• the right to request flexible working arrangements be extended to employees with a disability.

    • same rights of redress applicable to the other nine National Employment Standards should be extended to the unreasonable refusal of a request for flexible work arrangements.

    • the right to request should be accompanied by an education campaign that includes clear information that employees may have access to the provisions of the Sex Discrimination Act 1984 (Cth) (and the Disability Discrimination Act) where flexible arrangements are denied.16

    Recommendation 4: Introduce a national scheme of paid leave for parents

    The Australian Government should adopt the Productivity Commission’s proposed model for paid parental leave as a matter of urgency. The scheme should include compulsory additional superannuation payments.



    Recommendation 5: Modify Family Tax Benefit Part B

    Family Tax Benefit Part B should be modified to support choice within couple families around the sharing of paid work and caring responsibilities.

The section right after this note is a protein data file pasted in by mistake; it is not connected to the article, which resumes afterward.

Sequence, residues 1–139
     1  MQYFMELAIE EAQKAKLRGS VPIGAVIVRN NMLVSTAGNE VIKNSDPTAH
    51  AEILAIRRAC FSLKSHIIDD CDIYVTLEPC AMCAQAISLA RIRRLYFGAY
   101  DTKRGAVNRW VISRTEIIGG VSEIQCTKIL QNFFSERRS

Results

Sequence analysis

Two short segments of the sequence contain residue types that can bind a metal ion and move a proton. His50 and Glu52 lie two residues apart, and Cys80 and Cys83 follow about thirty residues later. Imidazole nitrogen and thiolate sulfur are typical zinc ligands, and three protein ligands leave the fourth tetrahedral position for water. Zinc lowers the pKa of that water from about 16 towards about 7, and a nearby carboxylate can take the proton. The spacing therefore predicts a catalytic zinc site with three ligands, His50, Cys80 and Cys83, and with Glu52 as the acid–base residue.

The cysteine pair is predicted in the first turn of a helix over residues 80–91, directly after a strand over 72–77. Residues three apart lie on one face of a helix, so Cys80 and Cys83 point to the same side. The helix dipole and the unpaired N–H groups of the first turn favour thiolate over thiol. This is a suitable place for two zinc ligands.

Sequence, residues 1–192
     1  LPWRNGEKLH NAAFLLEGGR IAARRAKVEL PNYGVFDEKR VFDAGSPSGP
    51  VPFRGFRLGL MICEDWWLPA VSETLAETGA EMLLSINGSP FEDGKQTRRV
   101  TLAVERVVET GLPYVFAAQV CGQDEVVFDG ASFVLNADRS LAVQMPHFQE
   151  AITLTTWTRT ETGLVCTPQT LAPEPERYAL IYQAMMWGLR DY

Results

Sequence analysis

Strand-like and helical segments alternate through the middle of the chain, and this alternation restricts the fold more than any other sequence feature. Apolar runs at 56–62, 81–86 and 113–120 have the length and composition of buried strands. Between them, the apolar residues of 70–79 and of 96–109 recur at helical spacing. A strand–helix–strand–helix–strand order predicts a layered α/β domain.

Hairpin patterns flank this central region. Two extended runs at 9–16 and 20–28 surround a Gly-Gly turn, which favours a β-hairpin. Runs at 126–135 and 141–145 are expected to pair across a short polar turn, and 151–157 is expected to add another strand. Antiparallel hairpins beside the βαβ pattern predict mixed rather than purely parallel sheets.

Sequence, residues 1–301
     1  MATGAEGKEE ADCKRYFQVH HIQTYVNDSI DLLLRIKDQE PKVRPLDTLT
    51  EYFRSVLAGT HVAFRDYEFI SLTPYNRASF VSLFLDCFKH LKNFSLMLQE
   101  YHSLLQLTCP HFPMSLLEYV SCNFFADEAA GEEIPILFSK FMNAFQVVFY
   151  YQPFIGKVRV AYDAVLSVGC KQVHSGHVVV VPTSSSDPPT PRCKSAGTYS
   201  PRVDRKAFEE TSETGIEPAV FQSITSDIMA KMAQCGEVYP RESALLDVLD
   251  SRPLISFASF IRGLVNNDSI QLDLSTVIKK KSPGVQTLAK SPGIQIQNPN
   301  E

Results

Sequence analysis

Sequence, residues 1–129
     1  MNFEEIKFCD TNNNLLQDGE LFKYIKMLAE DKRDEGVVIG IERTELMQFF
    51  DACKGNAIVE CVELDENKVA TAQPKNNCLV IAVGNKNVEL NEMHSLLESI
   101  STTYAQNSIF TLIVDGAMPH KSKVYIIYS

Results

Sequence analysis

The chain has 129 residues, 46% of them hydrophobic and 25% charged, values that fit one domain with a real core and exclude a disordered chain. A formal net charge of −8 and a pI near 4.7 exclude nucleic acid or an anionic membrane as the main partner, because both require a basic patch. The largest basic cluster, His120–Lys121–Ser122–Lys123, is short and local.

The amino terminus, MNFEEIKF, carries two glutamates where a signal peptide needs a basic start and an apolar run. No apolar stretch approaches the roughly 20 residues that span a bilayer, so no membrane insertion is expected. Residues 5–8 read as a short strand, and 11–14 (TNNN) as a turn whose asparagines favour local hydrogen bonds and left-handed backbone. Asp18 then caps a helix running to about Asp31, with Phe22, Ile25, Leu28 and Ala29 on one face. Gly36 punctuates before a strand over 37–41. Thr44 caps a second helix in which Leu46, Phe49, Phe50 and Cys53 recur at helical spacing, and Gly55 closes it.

Increase life-time earnings for women by reducing the gender pay gap

    Recommendation 6: Improve data collection and monitoring of the gender pay gap

    The Australian Government should revisit previous recommendations made by the Commission in relation to data collection and monitoring of women’s pay and employment conditions in order to:



    • address gaps in data collection by resourcing the Australian Bureau of Statistics to collect and publish regular gender disaggregated data in areas of need identified by Women in Economic and Social Research17

    • fund the Department of Education, Employment and Workplace Relations to conduct an annual national workplace relations survey to monitor gender differences in changes to pay and conditions and

    • establish a comprehensive set of indicators for measuring achievement towards gender equality in this area over time, either independently or as part of a broader set of indicators and monitoring to be developed by the Commission, subject to recommended legislative change to the SDA and appropriate, tied funding.